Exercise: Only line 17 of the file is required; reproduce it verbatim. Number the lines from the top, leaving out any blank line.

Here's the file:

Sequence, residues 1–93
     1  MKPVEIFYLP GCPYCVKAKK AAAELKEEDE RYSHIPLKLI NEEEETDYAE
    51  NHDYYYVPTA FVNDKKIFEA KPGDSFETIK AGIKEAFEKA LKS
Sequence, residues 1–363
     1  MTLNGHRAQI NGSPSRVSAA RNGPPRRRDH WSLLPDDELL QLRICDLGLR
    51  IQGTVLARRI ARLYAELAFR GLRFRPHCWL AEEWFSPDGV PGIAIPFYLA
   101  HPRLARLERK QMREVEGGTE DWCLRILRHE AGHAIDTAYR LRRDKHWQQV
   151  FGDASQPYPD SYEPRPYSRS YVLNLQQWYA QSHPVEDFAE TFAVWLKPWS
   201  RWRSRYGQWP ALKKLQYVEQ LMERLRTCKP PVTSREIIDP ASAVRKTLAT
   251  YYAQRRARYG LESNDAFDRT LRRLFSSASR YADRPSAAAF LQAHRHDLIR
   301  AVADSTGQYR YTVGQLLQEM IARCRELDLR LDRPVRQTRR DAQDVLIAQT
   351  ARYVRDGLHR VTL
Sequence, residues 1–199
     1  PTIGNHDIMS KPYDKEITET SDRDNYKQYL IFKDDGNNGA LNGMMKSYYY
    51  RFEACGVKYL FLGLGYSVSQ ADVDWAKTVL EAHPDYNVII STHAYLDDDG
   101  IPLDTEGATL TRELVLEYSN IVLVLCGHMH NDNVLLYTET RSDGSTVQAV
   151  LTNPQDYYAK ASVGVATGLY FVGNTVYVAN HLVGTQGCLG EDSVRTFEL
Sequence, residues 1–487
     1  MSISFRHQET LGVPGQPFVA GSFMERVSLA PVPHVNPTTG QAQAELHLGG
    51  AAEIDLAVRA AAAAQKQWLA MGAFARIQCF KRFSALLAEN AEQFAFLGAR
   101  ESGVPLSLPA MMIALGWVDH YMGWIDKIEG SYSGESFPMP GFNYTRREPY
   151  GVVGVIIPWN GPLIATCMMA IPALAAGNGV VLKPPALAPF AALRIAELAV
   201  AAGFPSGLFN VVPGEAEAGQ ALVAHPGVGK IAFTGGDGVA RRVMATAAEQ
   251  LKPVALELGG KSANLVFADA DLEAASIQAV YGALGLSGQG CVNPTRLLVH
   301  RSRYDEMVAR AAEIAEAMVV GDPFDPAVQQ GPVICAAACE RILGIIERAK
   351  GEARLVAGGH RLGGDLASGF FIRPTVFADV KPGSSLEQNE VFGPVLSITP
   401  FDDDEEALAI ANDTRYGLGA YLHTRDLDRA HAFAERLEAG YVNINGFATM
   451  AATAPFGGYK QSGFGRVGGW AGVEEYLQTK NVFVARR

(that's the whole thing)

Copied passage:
   151  LTNPQDYYAK ASVGVATGLY FVGNTVYVAN HLVGTQGCLG EDSVRTFEL